Why Shannon Gibbs From NCIS Looks So Familiar
There is an old saying that says, “Every great man is preceded by a great woman.” Well, in the case of Mark Harmon’s grumpy but good-natured NCIS hero, Special Agent Leroy “Jethro” Gibbs, that woman happens to be his first wife, Shannon, portrayed by Darby Stanchfield.
The only time we see Shannon Gibbs on NCIS is in flashbacks, and that’s because she and her daughter Kelly (played by Sam Schuder) died in a car crash set up by a drug dealer in Mexico more than ten years before the show takes place. So, while NCIS seems like it’s on every time you turn on your TV remote, the Stanchfield version of Shannon isn’t as well-known.
However, much like the NCIS stars that remained at the forefront of the show and were seen living in real time, there's a good chance you'll know Stanchfield from somewhere else. The actress has appeared on some of the most renowned TV shows of the last 20 years, and is now starring on a Netflix series that's hoping to continue the streaming service's run of fantasy-horror hits. Here's why Shannon Gibbs from NCIS looks so familiar.
But, like the "real-time" NCIS stars who remained at the forefront of the show, there’s a chance you’ll recognize Stanchfield somewhere else. The actress has starred in some of the best-known television shows of the past two decades, and she’s set to star in a new Netflix series that’s likely to continue the streamer’s run of sci-fi-horror fare. Here’s why Shannon Gibbs looks so familiar from NCIS.
Darby Stanchfield’s resume is a must-watch list of TV
NCIS has consistently ranked as the most watched drama in the U.S. — but it's far from the only hit show Stanchfield has been involved with. One of her very first TV jobs was on an episode of Angel, the spin-off of Joss Whedon's beloved supernatural drama series Buffy the Vampire Slayer. Stanchfield also had a small role on everyone's favorite boxset of the '00s, 24, playing Mandy's (Mia Kirshner) ill-fated neighbor Shari. Elsewhere in the early-to-mid-2000s era of her career, Stanchfield popped up on That '80s Show, Monk, It's All Relative, Strong Medicine, Without a Trace, and Nip/Tuck.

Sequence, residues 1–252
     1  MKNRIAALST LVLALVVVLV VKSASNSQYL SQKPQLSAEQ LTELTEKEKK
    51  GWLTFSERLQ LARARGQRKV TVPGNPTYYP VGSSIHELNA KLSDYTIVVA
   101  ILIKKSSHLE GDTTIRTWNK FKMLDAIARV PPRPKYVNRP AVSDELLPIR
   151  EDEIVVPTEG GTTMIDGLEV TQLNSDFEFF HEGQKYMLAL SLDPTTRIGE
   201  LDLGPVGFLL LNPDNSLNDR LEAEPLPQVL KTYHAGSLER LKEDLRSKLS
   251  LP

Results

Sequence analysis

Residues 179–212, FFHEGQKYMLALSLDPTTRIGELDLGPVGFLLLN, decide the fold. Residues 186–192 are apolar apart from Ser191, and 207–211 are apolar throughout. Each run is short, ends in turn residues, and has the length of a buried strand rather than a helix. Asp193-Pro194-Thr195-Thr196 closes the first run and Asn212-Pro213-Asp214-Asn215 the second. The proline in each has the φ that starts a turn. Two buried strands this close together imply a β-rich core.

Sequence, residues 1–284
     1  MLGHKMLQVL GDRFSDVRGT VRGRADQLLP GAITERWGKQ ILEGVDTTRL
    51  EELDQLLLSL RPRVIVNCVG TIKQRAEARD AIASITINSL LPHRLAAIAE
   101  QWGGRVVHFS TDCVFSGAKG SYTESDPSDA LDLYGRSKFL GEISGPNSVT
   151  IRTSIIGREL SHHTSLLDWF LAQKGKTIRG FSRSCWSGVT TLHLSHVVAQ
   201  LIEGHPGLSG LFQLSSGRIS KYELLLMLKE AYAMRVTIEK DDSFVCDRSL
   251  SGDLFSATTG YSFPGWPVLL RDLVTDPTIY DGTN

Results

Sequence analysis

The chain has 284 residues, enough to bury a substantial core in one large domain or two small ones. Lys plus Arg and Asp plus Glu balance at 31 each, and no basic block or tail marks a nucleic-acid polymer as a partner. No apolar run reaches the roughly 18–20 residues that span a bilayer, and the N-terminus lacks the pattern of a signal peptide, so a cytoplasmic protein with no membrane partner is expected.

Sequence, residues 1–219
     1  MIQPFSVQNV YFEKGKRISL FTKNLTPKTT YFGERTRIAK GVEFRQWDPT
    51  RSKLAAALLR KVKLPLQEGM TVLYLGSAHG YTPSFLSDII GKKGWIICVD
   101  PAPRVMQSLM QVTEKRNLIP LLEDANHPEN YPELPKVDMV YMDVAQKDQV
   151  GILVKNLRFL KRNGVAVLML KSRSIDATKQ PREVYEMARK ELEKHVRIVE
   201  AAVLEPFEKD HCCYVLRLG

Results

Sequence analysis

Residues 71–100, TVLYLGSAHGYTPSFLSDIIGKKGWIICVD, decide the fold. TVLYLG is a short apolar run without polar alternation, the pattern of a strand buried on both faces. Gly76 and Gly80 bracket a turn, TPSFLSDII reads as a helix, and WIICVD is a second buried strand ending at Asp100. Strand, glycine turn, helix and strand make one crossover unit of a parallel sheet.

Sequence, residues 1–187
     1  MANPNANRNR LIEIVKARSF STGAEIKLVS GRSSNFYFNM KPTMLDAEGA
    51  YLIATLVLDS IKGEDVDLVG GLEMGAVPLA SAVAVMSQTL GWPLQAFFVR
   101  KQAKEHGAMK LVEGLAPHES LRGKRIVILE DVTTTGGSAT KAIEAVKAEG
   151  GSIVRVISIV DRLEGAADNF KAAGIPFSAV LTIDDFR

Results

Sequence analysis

Just before landing her NCIS gig, the actress secured a job on Jericho, CBS' post-apocalyptic action-drama that ran for just two seasons (from 2007 to 2008) before it was cancelled. Stanchfield portrayed April Green, a doctor at a medical center in the fictional town of Jericho, Kansas. Her stint lasted 15 episodes, with her character's arc ending in death.
From there, Stanchfield took over the character of Amelia Joffe on General Hospital for 10 episodes in 2007, and then booked a recurring role on the iconic drama series Mad Men. She played Helen Bishop, the divorcee who scandalized '60s suburbia, for five episodes on the first two seasons of the series.
It took a while for Stanchfield to land another character who came back for more than one episode, but she worked consistently on many well-known shows. She has had one-off appearances on Bones, Private Practice, The Mentalist, Ghost Whisperer, and even How I Met Your Mother, on which she played the snobby former tenant of Marshall (Jason Segel) and Ted's (Josh Radnor) apartment.
After booking NCIS, Stanchfield doubled down on the crime angle with two separate roles on CSI: NY and CSI: Miami. You may also know her as Richard Castle's (Nathan Fillion) first ex-wife from crime-meets-comedy series Castle.
Darby Stanchfield held major roles on two big series
Having popped up for one or two episodes of numerous hit shows, Stanchfield landed her first major recurring role in 2012. On the Shonda Rhimes-created political thriller series Scandal, the actress played Abby Whelan, the outspoken former Press Secretary and Chief of Staff at the White House and the (mostly) loyal best friend and colleague to Kerry Washington's Olivia Pope.
Stanchfield also got the chance to influence Olivia Pope's world off screen. She created and directed a promotional web series called Scandal: Gladiator Wanted, which was released a week before the show's season 6 premiere. She must have impressed the showrunners because she later got the chance to direct an episode of the final season — the 15th episode, entitled "The Noise."
If you're more into supernatural demons than lawyers, you may know Stanchfield from her most recent role. She plays Nina Locke on Netflix's adaptation of the graphic novel series Locke & Key, which hit the streaming platform on February 7, 2020. Stanchfield plays the mother of three children who return to their father's childhood home after he's murdered. The fun-slash-horror starts when they find mysterious keys that unlock supernatural portals and attract a demonic force. Nina is also an alcoholic, which gave Stanchfield an emotional new challenge to tackle. Although Netflix hasn't confirmed anything yet, the ending of Locke & Key hinted that there could be a second season, meaning Stanchfield could be back for more spooks and scares.
Either way, Stanchfield’s storied career is unlikely to end anytime soon.